Thank you to those who create purposeful change -- you inspire me!
This time of year is filled with gratitude -- for my clients, colleagues, friends, and family. I am especially grateful for those who inspire me by creating purposeful change in their lives. I believe that change is absolutely possible, and that it starts with new thoughts and baby steps.
If you are ready to create change, I invite you to take your first step. I'd be honored to help. Think of the possibilities!
If you want to know how career change happens in real life, you'll enjoy reading Jamie's story below. He shares some details about his thoughts, plans, what his first key steps were. I appreciate his honesty.
After over two decades in the business world, mostly in financial services, I am planning a "second act." I plan to start a new career in my mid-fifties as a school counselor. At present, I am keeping my day job and attending classes in the evenings, slowing earning credits towards a Masters in K-12 School Counseling.
The first step was breaking out of a negative thought pattern loop that went something like this: (1) I don't like my job (2) I want to do something different (3) I can't afford to give up my current income (4) I can't think of any other careers that would pay me enough and which would also be more satisfying (5) I should just stay put (6) The thought of staying put makes me really depressed (7) Back to thought number one. Being stuck in this way was due to an inability to see possibilities.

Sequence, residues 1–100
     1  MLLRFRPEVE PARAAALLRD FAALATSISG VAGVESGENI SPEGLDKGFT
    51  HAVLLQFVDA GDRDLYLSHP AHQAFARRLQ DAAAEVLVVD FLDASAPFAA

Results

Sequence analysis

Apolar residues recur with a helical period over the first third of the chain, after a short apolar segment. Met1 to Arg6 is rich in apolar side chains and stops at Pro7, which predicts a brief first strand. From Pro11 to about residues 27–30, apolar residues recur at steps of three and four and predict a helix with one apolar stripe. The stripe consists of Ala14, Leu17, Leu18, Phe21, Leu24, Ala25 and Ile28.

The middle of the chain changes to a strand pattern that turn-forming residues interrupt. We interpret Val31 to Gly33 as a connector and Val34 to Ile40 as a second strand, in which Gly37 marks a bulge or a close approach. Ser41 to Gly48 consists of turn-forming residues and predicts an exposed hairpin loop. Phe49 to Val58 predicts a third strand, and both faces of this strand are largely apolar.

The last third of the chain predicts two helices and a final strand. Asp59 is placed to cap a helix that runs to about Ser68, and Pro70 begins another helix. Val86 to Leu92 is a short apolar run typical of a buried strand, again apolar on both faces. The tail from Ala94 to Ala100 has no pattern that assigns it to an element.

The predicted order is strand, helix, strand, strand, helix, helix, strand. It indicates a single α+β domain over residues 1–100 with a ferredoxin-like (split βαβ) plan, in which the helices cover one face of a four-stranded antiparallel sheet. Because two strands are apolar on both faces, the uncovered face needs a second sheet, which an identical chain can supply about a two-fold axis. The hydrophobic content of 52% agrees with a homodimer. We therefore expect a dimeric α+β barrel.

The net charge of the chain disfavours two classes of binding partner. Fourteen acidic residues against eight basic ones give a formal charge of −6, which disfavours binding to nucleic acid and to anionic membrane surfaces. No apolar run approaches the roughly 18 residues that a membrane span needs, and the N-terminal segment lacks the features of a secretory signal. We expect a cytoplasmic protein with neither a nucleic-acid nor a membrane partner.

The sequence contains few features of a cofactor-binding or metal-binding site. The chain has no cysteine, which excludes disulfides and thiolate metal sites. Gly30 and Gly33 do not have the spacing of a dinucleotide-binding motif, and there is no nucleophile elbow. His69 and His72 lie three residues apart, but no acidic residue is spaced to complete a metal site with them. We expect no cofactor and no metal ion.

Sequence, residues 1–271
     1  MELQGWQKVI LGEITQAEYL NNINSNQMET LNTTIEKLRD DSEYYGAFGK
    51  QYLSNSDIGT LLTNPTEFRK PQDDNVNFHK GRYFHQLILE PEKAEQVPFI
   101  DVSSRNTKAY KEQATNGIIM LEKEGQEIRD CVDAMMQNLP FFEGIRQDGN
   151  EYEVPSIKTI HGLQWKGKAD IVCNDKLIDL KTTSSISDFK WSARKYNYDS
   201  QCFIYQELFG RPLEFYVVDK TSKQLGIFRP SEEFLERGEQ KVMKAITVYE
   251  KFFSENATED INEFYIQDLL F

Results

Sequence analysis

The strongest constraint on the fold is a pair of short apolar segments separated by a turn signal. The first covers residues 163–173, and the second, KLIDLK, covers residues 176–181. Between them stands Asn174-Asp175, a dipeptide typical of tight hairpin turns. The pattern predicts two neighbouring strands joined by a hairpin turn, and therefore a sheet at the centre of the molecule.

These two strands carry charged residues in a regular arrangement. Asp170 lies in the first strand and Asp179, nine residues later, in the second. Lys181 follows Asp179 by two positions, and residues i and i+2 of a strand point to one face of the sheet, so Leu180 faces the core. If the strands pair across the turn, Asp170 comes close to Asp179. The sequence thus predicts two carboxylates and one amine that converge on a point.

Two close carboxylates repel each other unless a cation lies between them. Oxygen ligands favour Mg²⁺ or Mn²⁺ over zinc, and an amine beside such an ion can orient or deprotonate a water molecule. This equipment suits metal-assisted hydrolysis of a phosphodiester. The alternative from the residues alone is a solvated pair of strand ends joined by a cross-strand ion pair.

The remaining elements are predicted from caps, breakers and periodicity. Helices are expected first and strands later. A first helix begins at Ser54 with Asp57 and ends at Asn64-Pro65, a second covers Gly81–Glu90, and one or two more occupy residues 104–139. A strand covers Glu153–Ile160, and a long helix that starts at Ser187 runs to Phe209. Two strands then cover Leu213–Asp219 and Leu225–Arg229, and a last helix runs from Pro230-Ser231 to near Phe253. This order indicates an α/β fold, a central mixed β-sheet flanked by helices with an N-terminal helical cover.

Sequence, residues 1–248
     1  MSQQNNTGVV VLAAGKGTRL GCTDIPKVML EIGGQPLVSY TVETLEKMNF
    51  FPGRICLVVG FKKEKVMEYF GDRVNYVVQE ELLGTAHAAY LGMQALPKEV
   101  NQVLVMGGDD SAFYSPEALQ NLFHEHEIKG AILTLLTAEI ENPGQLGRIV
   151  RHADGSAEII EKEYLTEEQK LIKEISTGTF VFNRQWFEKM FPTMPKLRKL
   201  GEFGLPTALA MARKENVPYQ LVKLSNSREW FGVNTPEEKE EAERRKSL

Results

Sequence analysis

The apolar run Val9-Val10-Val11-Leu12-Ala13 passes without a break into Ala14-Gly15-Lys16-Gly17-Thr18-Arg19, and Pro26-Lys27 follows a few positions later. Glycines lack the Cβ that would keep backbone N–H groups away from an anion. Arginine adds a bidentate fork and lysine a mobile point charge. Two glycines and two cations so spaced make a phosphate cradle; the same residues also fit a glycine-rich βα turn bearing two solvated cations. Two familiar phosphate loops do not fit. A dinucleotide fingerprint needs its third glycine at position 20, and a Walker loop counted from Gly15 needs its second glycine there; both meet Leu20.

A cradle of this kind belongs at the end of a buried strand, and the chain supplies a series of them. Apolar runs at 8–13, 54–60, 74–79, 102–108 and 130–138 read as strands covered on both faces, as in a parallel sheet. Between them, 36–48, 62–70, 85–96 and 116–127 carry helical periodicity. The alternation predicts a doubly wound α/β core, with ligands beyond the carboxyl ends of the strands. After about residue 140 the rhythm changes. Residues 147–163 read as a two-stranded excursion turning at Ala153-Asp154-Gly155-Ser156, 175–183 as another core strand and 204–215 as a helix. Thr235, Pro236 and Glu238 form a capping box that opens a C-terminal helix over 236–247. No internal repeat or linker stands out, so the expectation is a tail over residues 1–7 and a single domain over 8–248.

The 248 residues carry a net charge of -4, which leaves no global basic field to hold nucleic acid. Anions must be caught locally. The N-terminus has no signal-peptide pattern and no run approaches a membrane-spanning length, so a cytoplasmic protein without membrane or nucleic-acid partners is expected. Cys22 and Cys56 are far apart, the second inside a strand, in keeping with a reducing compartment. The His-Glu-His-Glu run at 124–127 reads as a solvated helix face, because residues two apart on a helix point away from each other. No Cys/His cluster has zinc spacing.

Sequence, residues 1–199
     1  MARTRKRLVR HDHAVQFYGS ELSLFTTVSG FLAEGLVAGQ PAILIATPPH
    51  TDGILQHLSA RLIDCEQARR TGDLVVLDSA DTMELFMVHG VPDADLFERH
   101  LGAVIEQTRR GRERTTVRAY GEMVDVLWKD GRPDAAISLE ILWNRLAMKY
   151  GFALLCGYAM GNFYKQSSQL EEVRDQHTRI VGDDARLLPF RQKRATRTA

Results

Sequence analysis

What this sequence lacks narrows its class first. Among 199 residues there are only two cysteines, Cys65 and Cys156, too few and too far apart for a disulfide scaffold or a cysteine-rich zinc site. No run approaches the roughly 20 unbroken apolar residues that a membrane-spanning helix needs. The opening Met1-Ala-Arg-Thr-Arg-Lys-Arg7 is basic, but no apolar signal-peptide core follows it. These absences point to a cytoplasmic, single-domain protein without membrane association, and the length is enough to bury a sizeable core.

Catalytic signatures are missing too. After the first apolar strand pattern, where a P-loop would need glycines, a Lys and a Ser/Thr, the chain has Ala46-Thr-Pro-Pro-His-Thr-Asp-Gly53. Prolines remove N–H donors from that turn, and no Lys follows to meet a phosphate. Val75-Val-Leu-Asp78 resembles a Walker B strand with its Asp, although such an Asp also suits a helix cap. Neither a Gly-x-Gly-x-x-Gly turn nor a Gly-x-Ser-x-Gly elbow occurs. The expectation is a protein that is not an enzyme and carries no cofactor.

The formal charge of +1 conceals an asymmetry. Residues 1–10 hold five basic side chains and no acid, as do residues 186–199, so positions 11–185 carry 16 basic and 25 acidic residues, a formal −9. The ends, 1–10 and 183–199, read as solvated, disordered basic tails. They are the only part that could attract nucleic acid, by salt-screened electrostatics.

A really important step was reading "Designing Your Life" by Bill Burnett and Dave Evans. One of their key concepts is rapid prototyping, in which you quickly put together some semblance of an idea to see how it feels. Then you repeat the process, refining and improving as you go. In my case, I had the idea that I might enjoy a career working with young people. My rapid prototyping action was to call the director of a summer camp I attended as a teenager. I asked if I could come to the camp for a week to volunteer. She agreed, and with one phone call and the cost of a flight from New York to Albuquerque, my first "new career" prototype was created. I absolutely loved the experience, and returned inspired to brainstorm career options working with young people. The next rapid prototyping exercise was to meet with an academic advisor at a school counseling program. Within 30 minutes, I learned that people do, in fact, join the counseling profession later in life and that career changers actually do very well. So, yes, it could work. Another phase of prototyping has been taking counseling classes.
Regardless of where I end up, I have broken the cycle of negative thinking, boosted my mood, and am learning skills that I use today with my kids, co-workers, and friends. I even think I am becoming more effective at my day job in finance. I am no longer stuck, and I now know that possibilities are limited only by my imagination.
Have a wonderful month,